There’s nothing terrible about Oskar Roehler’s loving tribute to legendary German auteur Rainer Werner Fassbinder; in fact, this is about the best film imaginable on the subject. That’s because, together with screenwriter Klaus Richter, Roehler has come up with a film in which the subject is a perfect match for the style. Enfant Terrible has the look and feel of a Fassbinder film, and that’s what gives it tremendous power. All that said, if you don’t know who Fassbinder was, 135 minutes of this won’t help, but if you’re already tuned in to self select, Enfant Terrible really delivers the dramatic goods.
Oliver Masucci is a good decade older than Fassbinder when he died in 1982; that’s not a problem here, since we’re not looking at a photo-realistic story, but one in which there’s dramatic licence. Like some of Fassbinder’s films, much of the backgrounds are staged, and the sets are paper and cardboard, but this has the bonus of blurring the on-screen and off-screen dramas. ‘This is film not theatre’ Fassbinder says, and Enfant Terrible understands not to play up the background details but to let the corrosive central drama sing.
The story will be familiar to cineastes. Fassbinder is rubbished initially by critics and financiers, but despite working with cast members from the Horrors of Spider Island, the director has the last laugh as his career takes off and he ends up winning the Golden Bear of Berlin. ’Everything is film’ he notes, and this whole film is dedicated to recording the messiness of his creative process. Today’s film-making is sanitised in comparison; Fassbinder drank, snorted coke, slept with his cast, paid off prostitutes, and never looked back, even when cast members commit suicide on his birthday. Fassbinder didn’t care about a safe and secure workplace; he wanted to go to extremes, and succeeded; ‘I always go where it hurts,’ he concludes.
As a biopic, there’s lots of meat on the bone, but also attractive trimmings; we see him meet up with luminaries including Jack Palance, Marlene Dietrich and Andy Warhol, while Freddie Mercury and Franco Nero cross his path tangentially. There’s time to explore Fassbinder’s relationship with cinematographer Michael Ballhaus, who went on to create much of Scorsese’s best work. And we even see the moment that Fassbinder conceives of 1974’s The Bitter Tears of Petra von Kant, a key text alongside Fear Eats the Soul.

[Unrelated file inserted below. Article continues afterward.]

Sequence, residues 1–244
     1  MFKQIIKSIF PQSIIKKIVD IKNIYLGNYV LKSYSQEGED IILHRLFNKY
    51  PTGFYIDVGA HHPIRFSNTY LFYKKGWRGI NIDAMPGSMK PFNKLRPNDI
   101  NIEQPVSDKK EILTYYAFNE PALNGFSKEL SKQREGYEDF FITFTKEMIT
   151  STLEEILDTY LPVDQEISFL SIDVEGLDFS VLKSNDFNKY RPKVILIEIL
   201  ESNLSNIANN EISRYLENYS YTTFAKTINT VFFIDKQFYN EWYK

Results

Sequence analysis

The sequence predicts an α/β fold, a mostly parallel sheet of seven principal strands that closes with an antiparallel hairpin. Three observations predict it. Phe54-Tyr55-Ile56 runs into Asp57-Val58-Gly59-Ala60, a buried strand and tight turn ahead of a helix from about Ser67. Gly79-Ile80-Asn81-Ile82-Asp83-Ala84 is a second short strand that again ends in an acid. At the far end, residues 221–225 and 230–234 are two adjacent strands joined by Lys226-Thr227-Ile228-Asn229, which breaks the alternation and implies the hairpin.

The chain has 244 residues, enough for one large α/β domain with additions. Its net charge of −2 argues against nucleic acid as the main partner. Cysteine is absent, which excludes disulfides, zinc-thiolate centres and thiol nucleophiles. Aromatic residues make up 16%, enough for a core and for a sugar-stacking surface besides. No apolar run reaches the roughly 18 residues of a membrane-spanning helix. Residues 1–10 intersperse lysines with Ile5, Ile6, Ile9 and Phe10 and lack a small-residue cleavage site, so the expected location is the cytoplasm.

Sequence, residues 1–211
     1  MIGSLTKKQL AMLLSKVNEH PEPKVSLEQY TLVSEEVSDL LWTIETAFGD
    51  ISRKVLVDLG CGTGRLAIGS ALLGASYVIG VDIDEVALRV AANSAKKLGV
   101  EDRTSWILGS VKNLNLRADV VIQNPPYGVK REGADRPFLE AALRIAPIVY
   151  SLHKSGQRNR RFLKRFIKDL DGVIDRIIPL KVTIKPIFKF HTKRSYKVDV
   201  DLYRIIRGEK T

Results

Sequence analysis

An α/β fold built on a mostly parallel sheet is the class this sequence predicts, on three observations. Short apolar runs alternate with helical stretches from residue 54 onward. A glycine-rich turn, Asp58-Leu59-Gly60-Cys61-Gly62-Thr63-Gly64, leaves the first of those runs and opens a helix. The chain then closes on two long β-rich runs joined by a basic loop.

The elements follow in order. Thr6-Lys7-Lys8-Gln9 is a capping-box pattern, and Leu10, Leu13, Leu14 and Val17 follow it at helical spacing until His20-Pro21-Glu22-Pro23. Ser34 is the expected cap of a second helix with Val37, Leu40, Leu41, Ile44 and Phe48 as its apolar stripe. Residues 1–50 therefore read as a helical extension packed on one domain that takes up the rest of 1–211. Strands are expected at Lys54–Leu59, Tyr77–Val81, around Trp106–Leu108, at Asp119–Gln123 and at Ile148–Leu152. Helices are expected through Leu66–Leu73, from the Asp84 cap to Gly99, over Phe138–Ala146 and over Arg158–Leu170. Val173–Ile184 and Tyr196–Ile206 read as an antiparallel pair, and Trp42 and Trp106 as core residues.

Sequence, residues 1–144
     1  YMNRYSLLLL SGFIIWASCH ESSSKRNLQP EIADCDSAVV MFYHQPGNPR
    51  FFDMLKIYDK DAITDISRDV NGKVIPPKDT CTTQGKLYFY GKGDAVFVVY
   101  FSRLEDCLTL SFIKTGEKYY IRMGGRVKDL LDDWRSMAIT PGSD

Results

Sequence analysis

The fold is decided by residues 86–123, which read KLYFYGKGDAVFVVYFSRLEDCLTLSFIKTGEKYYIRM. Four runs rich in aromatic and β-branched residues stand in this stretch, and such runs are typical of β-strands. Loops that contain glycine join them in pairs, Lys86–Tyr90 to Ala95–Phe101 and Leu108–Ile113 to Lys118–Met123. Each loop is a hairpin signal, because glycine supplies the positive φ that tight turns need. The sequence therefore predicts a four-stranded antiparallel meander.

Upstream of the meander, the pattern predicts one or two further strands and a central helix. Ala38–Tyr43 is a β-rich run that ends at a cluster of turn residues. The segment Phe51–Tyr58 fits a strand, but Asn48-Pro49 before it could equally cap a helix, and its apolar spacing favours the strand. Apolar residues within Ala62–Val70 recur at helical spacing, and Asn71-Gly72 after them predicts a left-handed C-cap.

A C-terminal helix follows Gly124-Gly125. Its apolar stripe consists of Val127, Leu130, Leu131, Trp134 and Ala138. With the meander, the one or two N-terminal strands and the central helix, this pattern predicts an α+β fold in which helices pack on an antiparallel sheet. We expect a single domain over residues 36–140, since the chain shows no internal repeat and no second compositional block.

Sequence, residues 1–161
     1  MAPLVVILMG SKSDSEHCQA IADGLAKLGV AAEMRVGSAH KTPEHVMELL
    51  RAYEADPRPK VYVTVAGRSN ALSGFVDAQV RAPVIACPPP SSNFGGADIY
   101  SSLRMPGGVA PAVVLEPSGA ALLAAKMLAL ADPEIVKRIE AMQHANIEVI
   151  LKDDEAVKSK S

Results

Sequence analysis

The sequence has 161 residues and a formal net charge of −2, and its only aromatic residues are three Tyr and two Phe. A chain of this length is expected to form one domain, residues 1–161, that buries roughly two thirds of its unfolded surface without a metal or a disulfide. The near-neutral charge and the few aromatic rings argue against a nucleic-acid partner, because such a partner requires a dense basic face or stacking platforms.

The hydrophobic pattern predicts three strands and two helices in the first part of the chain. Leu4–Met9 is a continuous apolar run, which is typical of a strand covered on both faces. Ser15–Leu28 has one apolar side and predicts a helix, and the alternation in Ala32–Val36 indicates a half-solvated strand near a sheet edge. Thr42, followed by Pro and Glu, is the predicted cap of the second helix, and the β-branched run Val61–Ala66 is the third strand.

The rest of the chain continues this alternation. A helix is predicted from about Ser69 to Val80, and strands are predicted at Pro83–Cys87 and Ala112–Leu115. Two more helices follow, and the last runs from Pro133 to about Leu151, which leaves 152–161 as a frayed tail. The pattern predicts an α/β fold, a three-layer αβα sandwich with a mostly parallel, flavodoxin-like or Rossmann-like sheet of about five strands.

‘This isn’t an anti-authoritarian kindergarten!’ yelps the director on another rage-quest; there’s a tragedy and a comedy in Masucci’s performance that is entirely successful in evoking the spirit of the great, if flawed man. Those squeamish about sex and drugs should stay away, but Enfant Terrible works as a provocation, and when you’re telling the story of a provocateur, that’s the perfect combination. A great big shrug from the general public, perhaps, but Enfant Terrible is a tremendous way to celebrate the rise and fall of one of cinema’s most iconoclastic talents.
Enfant Terrible can be viewed on the link below in the UK, and screens as follows in the US.
May 7 – LA for Laemmle NoHo (physical)
May 14 – Laemmle (virtual) includes New York
May 14 – Cleveland Cinematheque
May 14 – VIFF Film Society Vancouver
May 20 – San Diego FilmOut
May 28 – New Orleans, Zeitgeist Film Center (Physical)
June 23 – Goethe Pop Up Cinema, Seattle
and many more to be announced!
ON DEMAND AND DVD JUNE 15
Thanks to Dark Star Pictures and October Coast for access to this film.